A newsletter from his Elliott Management predicts that global stocks could tumble to just half of their value from February’s high as the world enters the deepest recession since the Great Depression era of the 1930’s.
“Our gut tells us that a 50% or deeper decline from the February top might be the ultimate path of global stock markets,” said the influential Elliott.
Small cap stock action
The Small Ords index rose a healthy 4.22% this week to close on 2350.3 points.
Small cap companies making headlines this week were:
Predictive Discovery (ASX: PDI)
West Africa focused Predictive Discovery intercepted near-surface gold in 23 out of 24 holes drilled at its Kaninko project in Guinea.
Drilling identified a shallow, wide, north-trending zone extending at least 450m long, with mineralisation open in all directions.
Better results from drilling were 46m at 6.58g/t gold from 4m, including 10m at 26.52g/t gold; 42m at 2.92g/t gold from 8m; and 50m at 1.53g/t gold, including 20m at 2.51g/t gold.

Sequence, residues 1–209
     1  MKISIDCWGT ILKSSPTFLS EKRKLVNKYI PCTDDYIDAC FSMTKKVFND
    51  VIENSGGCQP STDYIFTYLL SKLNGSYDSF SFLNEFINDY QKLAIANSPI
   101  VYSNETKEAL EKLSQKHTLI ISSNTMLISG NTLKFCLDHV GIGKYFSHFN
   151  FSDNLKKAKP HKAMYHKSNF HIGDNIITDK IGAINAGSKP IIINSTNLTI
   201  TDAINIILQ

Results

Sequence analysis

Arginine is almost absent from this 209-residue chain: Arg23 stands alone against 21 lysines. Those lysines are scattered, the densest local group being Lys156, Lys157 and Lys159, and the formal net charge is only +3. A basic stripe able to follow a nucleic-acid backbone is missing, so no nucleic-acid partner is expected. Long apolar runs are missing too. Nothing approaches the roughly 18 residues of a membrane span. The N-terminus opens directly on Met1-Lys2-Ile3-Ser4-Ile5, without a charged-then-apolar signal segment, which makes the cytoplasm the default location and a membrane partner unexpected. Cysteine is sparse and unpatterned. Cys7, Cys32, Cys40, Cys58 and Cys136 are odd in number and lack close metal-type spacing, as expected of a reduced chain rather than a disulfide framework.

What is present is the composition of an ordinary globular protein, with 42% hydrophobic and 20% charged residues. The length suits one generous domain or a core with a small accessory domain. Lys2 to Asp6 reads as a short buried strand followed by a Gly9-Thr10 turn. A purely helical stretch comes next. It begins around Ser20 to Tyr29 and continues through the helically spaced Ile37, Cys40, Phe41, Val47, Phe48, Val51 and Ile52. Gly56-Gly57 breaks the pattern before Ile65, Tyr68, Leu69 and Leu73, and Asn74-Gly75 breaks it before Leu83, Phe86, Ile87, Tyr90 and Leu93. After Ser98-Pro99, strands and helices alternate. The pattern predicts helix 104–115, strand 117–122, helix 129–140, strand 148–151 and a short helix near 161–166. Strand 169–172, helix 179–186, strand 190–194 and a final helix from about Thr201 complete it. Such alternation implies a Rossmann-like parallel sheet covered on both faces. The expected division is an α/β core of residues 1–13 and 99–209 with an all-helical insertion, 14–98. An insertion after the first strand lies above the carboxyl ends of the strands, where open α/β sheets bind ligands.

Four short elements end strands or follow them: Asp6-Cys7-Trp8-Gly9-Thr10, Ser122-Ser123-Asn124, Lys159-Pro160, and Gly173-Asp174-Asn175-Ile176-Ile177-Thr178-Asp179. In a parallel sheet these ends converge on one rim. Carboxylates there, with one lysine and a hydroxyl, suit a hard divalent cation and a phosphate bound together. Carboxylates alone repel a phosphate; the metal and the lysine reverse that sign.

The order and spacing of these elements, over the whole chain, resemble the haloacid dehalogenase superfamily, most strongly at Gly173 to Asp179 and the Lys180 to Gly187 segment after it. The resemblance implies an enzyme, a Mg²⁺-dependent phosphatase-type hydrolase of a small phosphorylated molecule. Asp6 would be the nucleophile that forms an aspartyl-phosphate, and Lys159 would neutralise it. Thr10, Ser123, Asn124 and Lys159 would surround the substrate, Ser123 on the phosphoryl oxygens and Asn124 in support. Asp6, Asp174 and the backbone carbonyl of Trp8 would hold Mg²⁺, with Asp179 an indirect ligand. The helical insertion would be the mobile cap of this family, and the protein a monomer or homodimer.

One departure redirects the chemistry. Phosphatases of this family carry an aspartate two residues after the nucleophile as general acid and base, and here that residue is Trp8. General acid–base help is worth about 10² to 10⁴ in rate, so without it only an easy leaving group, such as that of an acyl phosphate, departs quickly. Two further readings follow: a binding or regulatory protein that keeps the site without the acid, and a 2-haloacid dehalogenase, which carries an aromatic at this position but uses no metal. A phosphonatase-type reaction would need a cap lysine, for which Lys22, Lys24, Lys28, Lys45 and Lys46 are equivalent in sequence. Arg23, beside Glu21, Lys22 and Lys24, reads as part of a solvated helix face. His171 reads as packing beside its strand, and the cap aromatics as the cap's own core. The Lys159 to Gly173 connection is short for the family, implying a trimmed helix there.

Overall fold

These intercepts all ended in mineralisation and were only drilled to a maximum depth of 50m.
Predictive followed up Wednesday’s results with assays from the Ferkessedougou North gold project in Cote D’Ivoire on Thursday.
These results were from a nine-hole diamond drilling program totalling 1,659.19m at the Ouarigue South prospect.
Highlight results from this program were 51m at 1.27g/t gold from 169m, 14m at 10.74g/t gold from 33m, and 33m at 1.62g/t gold from 28m.